Today marks the first day that NBA free agents can sign with new teams, even though deals were hammered out during the leaguewide moratorium.
The first big move came in the form of Baron Davis opting out of his contract with the Warriors and then agreeing on a new deal with the Clippers. At this point the Clippers actually looked formidable and maybe had an outside shot of making the playoffs in the tough Western Conference.
However, those dreams were short-lived as not only did Brand agree to a rich deal with the Philadelphia Sixers making them a contender in the "Leastern" Conference, but the Warriors moved swiftly to sign Clippers swingman Corey Maggette to a five-year deal worth an estimated $50 million.
According to ESPN.com, the Warriors are not done yet as they have extended a contract to Lakers restricted free agent Ronny Turiaf and also maybe looking at Keyon Dooling for depth on their bench.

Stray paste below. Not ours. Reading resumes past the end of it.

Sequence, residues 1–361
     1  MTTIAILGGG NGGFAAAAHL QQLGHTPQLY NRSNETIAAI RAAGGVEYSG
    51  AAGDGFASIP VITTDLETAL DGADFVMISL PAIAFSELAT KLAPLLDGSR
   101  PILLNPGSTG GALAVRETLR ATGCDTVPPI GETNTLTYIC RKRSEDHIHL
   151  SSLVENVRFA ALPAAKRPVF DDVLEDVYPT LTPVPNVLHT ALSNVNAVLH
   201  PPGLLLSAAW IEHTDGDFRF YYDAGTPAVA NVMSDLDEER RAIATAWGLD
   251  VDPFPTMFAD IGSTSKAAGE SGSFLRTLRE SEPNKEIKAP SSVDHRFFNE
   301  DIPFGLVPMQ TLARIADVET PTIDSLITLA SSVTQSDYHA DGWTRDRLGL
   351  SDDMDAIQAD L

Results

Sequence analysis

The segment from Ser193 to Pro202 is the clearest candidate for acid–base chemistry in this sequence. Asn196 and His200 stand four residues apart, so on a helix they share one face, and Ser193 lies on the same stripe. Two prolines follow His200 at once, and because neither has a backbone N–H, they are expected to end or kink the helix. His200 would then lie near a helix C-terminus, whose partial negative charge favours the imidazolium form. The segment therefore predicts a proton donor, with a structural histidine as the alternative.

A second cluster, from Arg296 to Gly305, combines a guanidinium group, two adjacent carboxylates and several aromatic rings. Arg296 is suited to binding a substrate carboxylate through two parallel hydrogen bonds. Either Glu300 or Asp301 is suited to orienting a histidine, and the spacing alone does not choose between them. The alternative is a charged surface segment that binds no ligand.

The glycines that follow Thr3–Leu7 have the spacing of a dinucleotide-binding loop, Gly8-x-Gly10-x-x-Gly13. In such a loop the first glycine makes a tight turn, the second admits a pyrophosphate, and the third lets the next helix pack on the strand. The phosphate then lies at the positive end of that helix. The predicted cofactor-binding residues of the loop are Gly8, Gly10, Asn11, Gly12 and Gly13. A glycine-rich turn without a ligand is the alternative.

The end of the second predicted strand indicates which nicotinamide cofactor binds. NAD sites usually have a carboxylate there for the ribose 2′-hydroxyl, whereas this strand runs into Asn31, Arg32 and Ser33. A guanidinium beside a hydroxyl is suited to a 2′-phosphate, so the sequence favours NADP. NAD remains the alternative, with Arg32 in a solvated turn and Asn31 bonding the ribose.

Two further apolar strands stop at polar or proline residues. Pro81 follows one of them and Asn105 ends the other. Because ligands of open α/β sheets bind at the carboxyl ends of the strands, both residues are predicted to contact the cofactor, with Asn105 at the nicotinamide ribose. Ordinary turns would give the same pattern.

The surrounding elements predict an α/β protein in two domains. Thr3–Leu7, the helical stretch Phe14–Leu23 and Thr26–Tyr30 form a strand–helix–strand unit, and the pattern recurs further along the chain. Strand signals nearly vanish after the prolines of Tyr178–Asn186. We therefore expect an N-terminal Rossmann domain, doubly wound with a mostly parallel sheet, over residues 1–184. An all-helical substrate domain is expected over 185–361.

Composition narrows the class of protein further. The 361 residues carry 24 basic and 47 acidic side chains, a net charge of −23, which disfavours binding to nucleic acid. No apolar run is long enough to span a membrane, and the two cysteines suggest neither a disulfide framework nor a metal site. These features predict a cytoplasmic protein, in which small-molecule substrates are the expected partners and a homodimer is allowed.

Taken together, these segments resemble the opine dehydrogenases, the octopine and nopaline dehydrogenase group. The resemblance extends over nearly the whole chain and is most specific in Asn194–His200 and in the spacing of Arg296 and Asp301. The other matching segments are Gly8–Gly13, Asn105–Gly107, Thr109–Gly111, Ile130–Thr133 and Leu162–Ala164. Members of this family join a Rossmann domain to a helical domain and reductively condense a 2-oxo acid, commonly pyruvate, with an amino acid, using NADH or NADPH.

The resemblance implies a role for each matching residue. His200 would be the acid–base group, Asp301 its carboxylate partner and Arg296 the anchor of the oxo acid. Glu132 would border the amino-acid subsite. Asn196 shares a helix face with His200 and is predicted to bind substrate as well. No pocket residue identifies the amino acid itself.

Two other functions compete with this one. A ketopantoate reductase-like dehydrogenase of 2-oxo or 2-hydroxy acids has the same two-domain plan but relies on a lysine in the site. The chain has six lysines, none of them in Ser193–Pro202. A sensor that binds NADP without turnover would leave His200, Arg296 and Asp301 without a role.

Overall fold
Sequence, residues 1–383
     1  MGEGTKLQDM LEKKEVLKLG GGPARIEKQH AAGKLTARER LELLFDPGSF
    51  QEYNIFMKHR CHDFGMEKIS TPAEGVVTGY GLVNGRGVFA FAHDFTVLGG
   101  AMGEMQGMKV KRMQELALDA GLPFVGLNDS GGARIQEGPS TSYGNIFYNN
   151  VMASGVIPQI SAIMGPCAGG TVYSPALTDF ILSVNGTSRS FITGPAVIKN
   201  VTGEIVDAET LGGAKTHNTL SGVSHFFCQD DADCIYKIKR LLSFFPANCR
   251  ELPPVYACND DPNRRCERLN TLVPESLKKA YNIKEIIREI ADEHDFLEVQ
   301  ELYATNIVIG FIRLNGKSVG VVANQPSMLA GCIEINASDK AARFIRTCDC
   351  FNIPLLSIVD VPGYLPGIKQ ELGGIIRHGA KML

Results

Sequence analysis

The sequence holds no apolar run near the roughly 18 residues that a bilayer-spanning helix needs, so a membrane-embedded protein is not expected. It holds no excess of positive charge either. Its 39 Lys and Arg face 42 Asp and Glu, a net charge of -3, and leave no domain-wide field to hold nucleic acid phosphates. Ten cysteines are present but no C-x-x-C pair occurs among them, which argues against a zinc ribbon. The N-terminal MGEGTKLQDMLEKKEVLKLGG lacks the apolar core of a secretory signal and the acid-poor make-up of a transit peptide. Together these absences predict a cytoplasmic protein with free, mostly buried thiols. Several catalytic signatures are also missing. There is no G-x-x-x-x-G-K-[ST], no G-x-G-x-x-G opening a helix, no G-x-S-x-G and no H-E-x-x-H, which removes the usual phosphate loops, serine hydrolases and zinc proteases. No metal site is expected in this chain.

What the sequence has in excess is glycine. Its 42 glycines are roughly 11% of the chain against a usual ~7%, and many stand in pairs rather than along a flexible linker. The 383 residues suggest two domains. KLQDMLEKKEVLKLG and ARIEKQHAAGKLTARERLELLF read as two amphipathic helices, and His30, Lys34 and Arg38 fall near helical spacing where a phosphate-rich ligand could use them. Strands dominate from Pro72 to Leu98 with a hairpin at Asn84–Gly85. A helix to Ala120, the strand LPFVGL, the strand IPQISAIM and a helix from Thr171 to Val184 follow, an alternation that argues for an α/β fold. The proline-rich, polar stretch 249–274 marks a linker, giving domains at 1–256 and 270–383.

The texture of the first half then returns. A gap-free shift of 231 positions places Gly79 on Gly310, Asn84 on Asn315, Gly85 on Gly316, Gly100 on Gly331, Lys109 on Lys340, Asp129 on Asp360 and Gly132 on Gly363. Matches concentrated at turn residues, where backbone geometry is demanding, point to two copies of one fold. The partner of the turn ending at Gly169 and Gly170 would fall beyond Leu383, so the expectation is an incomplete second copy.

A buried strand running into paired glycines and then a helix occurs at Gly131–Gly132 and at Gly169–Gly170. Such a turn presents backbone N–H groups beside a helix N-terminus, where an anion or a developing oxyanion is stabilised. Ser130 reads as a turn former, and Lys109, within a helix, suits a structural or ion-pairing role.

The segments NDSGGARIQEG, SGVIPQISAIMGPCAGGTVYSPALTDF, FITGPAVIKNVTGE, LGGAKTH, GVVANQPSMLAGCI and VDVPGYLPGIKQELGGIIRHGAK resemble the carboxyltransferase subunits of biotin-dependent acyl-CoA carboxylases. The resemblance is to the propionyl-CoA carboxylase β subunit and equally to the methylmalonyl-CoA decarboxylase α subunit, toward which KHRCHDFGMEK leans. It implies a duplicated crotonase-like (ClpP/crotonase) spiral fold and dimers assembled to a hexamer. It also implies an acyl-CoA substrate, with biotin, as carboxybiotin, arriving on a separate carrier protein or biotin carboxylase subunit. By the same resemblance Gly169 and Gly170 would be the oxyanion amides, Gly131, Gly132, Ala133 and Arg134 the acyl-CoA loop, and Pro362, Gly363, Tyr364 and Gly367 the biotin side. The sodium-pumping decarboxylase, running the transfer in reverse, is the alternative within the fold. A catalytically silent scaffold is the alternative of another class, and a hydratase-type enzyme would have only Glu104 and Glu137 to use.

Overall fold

Overall, the free agency season has not been kind to the Warriors as they not only lost Davis, but also lost Mickael Pietrus to Orlando. Credit has to be given to Chris Mullin for not sitting on his hands and feeling sorry for himself, but looking for a way to make his team better through improvising.
Even with all these moves, the Warriors now lack a true point guard. If I were in Mullin's shoes, Raymond Felton of the Bobcats would merit a look through a trade.
Charlotte's drafting of D.J. Augustin probably was the biggest hint that Felton will not be there much longer. He is the kind of guy who would thrive playing Nellie's brand of basketball, much like the uptempo style he played while under Roy Williams at North Carolina.
Things sure have a way of coming full circle, especially in Davis' case. Here was a guy that immediately endeared himself to Oakland fans when Mullin brought him over in one of the biggest steals in NBA trading history. He brought them to sheer euphoria by breaking the longest playoff drought in league history, and did and said all the right things to try and get an extension—only to bolt for his hometown and get the long-term security he was looking for.
Now with all these moves, the Clippers have shown what they really are: a franchise with a bumbling owner that can't seem to get anything going.
So Baron, how is tinseltown now?